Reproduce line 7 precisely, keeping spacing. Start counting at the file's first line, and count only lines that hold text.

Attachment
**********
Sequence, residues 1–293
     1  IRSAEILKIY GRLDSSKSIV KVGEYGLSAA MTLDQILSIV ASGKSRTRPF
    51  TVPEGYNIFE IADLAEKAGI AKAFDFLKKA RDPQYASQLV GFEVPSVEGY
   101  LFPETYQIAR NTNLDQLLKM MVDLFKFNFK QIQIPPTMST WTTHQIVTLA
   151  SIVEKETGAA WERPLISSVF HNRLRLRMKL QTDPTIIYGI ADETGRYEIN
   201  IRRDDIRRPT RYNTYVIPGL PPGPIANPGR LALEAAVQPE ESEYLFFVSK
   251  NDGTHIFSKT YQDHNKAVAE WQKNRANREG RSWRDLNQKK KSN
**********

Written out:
   251  NDGTHIFSKT YQDHNKAVAE WQKNRANREG RSWRDLNQKK KSN